State regulators looking at online activism
PDC asked whether bloggers should be considered lobbyists
OLYMPIA – Blogger beware? State regulators are wondering whether online political activism amounts to lobbying, which could force Web-based activists to file public reports detailing their finances.
In a collision of 21st century media and 1970s political reforms, the inquiry hints at a showdown over press freedoms for bloggers, whose self-published journals can shift between news reporting, opinion writing, political organizing and campaign fundraising.
State officials are downplaying any possible media rights conflict, pointing out that regulators have already exempted journalistic blogging from previous guidelines for online campaign activity.
But the blogosphere is taking the notion seriously. One prominent liberal blogger in Seattle is already issuing a dare – if the government wants David Goldstein to file papers as a lobbyist, it will have to take him to court.
Goldstein, publisher of the widely read horsesass.org, wants to know how his political crusades could be subject to financial disclosures while newspaper writers, radio hosts and others in traditional media get a pass.
For most bloggers, Goldstein said, the work “is a hobby, a sideline. And yet they contribute greatly to the public debate and to the new journalism.
“When you start talking about regulating Internet activity, you open up a Pandora’s box,” he said.
Political money in Washington is regulated by the state Public Disclosure Commission, which compiles reports on candidates’ and lobbyists’ finances and makes the information available to the public.
The agency was created after voters overwhelmingly approved a ballot measure in 1972. A second measure in 1992 added contribution limits and other reforms, leading to a set of rules that the state calls “one of the most exhaustive disclosure laws in the country.”
Under the law, lobbyists must register with the state, and submit regular reports about who pays them, how they spend money, and which issues they’re working on.
Groups that don’t fit the traditional definition of “lobbyist” also have to file reports, provided they meet certain spending thresholds while leading public campaigns intended to influence public policy.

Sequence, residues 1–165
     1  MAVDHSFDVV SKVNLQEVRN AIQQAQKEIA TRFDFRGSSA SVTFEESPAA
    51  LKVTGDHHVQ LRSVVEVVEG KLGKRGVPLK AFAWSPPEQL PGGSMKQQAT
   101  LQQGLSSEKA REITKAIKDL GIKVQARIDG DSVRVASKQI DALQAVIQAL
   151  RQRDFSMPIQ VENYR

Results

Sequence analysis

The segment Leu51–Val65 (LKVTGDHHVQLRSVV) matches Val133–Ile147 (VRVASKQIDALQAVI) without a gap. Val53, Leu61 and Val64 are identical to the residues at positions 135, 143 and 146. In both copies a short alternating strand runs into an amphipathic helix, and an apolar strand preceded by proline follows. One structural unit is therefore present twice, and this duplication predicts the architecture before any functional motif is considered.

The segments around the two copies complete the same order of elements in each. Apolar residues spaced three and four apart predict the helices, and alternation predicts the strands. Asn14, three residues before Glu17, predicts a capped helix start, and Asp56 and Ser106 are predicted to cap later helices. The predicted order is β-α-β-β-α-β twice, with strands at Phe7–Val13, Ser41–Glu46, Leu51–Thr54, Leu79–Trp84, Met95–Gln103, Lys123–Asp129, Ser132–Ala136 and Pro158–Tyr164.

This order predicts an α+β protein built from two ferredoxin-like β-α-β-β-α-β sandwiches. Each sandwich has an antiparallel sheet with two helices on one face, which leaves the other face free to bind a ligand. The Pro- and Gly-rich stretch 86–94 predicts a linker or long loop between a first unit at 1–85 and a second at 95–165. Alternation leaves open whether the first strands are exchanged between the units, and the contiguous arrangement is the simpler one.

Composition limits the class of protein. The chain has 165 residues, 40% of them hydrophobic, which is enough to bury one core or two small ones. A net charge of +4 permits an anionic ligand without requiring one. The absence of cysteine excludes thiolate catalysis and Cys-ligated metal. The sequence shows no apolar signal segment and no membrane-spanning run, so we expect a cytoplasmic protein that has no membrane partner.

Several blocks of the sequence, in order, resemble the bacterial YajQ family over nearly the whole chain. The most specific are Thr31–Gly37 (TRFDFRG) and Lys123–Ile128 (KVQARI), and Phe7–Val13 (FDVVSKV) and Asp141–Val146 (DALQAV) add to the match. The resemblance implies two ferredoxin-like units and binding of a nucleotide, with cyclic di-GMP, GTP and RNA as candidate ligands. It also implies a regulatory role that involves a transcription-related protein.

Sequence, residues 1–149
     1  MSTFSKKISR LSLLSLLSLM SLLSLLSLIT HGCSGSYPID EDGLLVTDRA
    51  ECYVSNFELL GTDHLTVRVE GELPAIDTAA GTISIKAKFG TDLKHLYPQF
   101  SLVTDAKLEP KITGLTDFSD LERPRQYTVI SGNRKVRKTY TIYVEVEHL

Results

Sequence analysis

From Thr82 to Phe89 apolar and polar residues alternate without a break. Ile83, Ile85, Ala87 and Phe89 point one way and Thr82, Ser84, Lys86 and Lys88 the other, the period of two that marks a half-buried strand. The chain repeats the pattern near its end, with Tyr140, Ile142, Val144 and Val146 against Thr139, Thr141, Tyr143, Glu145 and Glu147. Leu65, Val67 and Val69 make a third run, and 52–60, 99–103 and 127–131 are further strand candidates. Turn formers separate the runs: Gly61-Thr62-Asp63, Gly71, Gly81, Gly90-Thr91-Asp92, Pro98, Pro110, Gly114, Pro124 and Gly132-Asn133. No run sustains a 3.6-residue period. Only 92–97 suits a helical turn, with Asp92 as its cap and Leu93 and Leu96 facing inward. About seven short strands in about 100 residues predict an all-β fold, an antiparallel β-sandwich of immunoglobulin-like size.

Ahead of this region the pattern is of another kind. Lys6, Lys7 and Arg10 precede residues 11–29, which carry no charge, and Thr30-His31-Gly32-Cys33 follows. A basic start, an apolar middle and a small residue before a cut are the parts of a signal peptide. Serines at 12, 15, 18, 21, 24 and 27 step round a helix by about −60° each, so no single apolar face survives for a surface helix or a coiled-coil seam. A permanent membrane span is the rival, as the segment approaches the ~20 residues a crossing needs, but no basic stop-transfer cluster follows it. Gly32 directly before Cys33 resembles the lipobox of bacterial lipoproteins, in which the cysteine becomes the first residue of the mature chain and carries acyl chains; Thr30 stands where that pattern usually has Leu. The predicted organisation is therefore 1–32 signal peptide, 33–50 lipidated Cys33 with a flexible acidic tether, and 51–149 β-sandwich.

Earlier this year, the PDC was asked by some lobbyists whether calls to action made over the Internet fell under any lobbying regulations, and the agency began probing the topic.
“One of the issues was the grass-roots involvement, in terms of prompting individuals, in a call to action, to contact legislators, to send in letters,” said Doug Ellis, the PDC’s assistant director.
Business interests asked, “Can we do the same kind of thing? Is it proper? Do we have to report it?” Ellis said.
The question of blogging soon entered the picture. For online political junkies like Goldstein, stirring up the public and urging readers to sound off about public policy is a key part of the mission.
But, as Goldstein pointed out in a recent public meeting on the topic, the same could be said for newspaper editorialists or radio commentators – and they’re exempt from reporting their income and spending under an exemption created to protect the media.
“What you’re basically saying is, if you want to raise any money at all, now you have to report,” Goldstein said. “It’s treating us entirely different than other media outlets.”
Much of the discussion about blogging as lobbying boils down to the evolving distinction of who is and is not a member of the media.
While blogs and other online-only information sources are showing greater influence, traditional outlets – particularly newspapers – are struggling with a deeply wounded business model.
“Our definitions of all of this are changing so dramatically, right in front of our eyes,” said Sree Sreenivasan, of Columbia University’s journalism school.
Laws have often defined media by describing the form in which the information is delivered – a newspaper, a magazine, or a licensed TV or radio station. But the Internet is eroding those tried-and-true distinctions, making such definitions sound hopelessly outdated.
In this environment, Sreenivasan said, regulators facing a question about who qualifies as media might need to undertake a much more detailed examination of the content being produced.
“It’s very hard to put them in a box: ‘This is OK, this is not OK,’ ” Sreenivasan said. “It’s a waste of everybody’s time. I’d say, what is the work they’re doing?”
The PDC’s Ellis doesn’t expect commissioners to impose financial reporting for bloggers who perform a journalistic function. Since that type of activity was excluded in campaign finance rules, he said, “I don’t see any reason why they would veer from past practice.”
Lobbyist Steve Gano, who represents business clients in Olympia, said he’s not troubled by activist bloggers who practice a form of journalism. But the increasing presence of Web-based advocacy groups are a different story, he said.
If an online group doesn’t have to report the type of activities that would otherwise be considered lobbying, Gano asked, why shouldn’t lobbyists just close up shop and relaunch their efforts online?
“There’s a new business model out there,” Gano said. “I can just sit at home, e-mail folks from here, and never have to disclose who my financial backers are.”
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